#14 | Successful change - it’s all about the human (Part 1)

November 6, 2017

 

 

Back in 2008 IBM conducted a piece of research, looking at 1500 organisations to identify what were the most important factors in successful change programmes (and by 'successful' they considered projects that reaped at least 75% of the benefits they anticipated at the beginning of the change).  They updated that survey with a sample of 1.400 companies in 2016 and little had changed.

 

What their study found was that successful change wasn't predicated on what they termed ‘hard factors’ (pay, training, team skills or project management).   

 

Instead, those companies who'd successfully implemented change found that it was what IBM termed 'soft factors' (or as this author prefers to call them human (God forbid!) factors!) that made the difference between failure and success.


Top of their list (83% agreed) was Top management sponsorship - not just management, TOP management.  People want to know that the path their organisation is taking is backed 100% by the senior team.  A Senior exec recently asked me "Do you think people really care about the term top team, ExCo or whatever an organisation calls its top execs?".  My almost immediate response was 'YES, everyone in an organisation wants to know that there's a capable team leading the organisation and that that team is 100% behind what the organisation needs to do to get to where it needs to be - to achieve it's vision".  It doesn't matter if you're a bank, a university, McLaren F1 or the All Blacks - everyone wants to know they're heading in the same direction and that, importantly, it's the right direction.
 

Solution - Get the Senior team out talking to staff at townhalls, in skip levels, during walkabouts and Q&As; and support that with ongoing communications where they talk about he impact of the change from their perspective.

 

And that supported number two, with 64% stating that success in change was based on having A shared vision.  I wrote about this a while ago in a post about purpose.  Having that shared vision is critical to success in any organisation, not just during change.  A shared vision gets everyone pointing in the same direction, gives your people a shared sense of purpose and, with the help of line managers and a healthy dose of storytelling, helps them to see how what they do every day is critical to achieving that success.

 

Solution - Change is often driven by necessity, but sharing why you need to do it and your vision for what it will deliver is key.  Even better is involving staff in the creation of that vision so it's seen as belonging to everyone, not just the Exec, CEO or the Board.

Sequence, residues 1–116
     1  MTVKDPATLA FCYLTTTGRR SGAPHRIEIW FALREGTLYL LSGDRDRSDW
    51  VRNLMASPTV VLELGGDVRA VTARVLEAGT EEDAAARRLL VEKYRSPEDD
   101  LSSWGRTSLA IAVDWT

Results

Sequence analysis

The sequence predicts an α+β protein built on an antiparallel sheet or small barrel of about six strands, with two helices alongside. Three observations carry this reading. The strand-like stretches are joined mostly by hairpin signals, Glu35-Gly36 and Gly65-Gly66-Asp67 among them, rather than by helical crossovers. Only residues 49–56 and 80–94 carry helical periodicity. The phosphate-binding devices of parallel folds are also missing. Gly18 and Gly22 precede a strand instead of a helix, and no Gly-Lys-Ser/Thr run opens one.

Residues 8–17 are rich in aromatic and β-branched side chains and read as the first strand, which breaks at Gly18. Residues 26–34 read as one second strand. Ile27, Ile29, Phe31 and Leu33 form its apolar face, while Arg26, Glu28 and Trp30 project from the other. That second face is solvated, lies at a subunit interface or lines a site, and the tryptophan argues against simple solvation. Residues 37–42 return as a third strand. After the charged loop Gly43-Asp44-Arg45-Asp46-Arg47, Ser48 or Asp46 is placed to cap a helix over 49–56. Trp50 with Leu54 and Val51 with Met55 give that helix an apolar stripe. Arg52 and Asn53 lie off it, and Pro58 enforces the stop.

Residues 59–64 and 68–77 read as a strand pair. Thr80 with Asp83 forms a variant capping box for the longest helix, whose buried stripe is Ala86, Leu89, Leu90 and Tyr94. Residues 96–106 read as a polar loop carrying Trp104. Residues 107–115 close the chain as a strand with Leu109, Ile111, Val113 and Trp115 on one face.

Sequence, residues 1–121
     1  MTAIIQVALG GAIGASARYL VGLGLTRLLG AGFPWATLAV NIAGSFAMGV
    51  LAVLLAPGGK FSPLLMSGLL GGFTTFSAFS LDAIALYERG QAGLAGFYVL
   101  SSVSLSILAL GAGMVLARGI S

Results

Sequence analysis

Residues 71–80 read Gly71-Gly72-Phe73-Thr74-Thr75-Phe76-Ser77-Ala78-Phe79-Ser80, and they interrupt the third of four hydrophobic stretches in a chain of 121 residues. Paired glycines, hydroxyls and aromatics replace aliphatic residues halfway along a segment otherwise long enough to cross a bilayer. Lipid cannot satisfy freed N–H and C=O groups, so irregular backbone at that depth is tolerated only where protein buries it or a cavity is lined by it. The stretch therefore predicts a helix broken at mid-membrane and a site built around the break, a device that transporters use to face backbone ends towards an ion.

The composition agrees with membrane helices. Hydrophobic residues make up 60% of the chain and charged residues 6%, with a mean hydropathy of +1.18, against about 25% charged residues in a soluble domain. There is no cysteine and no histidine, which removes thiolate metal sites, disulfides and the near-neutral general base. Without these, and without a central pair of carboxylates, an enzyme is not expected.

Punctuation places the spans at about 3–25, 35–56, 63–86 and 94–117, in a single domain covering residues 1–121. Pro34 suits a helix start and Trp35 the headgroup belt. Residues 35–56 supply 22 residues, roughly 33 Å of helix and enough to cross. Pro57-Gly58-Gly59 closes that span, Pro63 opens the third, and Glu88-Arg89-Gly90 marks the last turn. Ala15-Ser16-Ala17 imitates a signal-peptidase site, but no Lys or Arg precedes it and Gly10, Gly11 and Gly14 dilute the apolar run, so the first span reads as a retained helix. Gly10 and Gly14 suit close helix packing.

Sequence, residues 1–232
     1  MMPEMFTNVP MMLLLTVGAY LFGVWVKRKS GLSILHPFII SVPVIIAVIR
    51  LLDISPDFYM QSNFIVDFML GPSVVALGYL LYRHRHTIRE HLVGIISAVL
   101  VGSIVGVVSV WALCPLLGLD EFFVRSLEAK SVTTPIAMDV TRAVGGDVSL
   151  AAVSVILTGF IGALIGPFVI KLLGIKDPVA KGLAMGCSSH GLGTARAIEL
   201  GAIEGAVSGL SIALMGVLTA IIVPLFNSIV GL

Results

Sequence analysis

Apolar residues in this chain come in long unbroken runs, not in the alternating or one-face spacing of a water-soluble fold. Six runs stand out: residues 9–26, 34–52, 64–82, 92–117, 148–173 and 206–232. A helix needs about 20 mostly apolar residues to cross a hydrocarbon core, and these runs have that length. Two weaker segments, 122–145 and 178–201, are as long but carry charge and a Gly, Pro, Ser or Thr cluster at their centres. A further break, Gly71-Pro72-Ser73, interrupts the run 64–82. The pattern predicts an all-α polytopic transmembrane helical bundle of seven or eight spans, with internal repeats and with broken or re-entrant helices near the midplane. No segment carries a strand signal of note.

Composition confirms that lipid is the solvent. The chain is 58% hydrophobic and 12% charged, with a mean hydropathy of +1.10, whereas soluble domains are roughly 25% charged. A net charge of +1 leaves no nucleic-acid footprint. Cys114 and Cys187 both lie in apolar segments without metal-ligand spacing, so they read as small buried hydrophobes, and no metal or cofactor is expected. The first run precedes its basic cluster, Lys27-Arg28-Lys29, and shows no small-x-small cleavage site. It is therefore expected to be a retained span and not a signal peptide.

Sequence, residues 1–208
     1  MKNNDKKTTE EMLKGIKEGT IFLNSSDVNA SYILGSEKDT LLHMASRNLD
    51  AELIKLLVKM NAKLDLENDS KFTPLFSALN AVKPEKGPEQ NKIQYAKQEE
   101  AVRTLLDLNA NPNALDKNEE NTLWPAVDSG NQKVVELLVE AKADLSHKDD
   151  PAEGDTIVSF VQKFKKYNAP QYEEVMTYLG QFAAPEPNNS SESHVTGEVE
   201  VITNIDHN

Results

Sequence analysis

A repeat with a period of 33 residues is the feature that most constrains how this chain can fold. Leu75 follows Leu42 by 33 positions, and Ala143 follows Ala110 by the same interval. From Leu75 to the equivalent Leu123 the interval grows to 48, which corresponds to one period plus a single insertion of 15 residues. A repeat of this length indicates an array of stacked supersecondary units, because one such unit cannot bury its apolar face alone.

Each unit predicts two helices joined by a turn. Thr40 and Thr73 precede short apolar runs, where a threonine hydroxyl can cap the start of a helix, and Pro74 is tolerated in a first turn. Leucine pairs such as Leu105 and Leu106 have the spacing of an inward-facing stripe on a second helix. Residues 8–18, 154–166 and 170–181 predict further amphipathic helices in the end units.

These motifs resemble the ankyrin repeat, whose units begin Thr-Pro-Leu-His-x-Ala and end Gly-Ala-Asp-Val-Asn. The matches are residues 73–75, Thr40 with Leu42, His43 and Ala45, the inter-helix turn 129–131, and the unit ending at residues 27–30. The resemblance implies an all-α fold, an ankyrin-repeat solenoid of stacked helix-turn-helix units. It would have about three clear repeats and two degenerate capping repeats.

Third, and much harder to achieve, with 57% of respondents agreeing, was Corporate culture that motivates and promotes change - it's really easy to say (or in my case, type) but it's VERY hard to create.  Culture is what makes or breaks an organisation.  It's like an elastic band - it'll stretch as you're going through the process of a change programme but, if that programme doesn't involve the people, doesn't get their buy-in then, when the 'process' is done, the elastic band of culture contracts and it's as can appear as though has changed. 

 

Solution - Culture in organisations doesn't change overnight - it's something that has to be nurtured over time. a strong set of values is key - the 'how we do things around here'.  But to have them isn't enough - organisations need to be able to bring those values to life through strong, open, engaging and authentic leaders that truly believe in living those values.  THEY need to promote a culture of change, not a culture of Status Quo and they need to recognise (a pat on the back or a public thank you is often enough) when members of their team live those values, push the boundaries and make change happen.  And then is needs to be spread through the organisation - showing people what living your values looks like, what challenging the status quo looks like and the impact that has on the individual and the organisation.

 

I'll touch on the other four of those top seven next week but, in the meantime, if you want to read the full findings from IBM's research you can click here.

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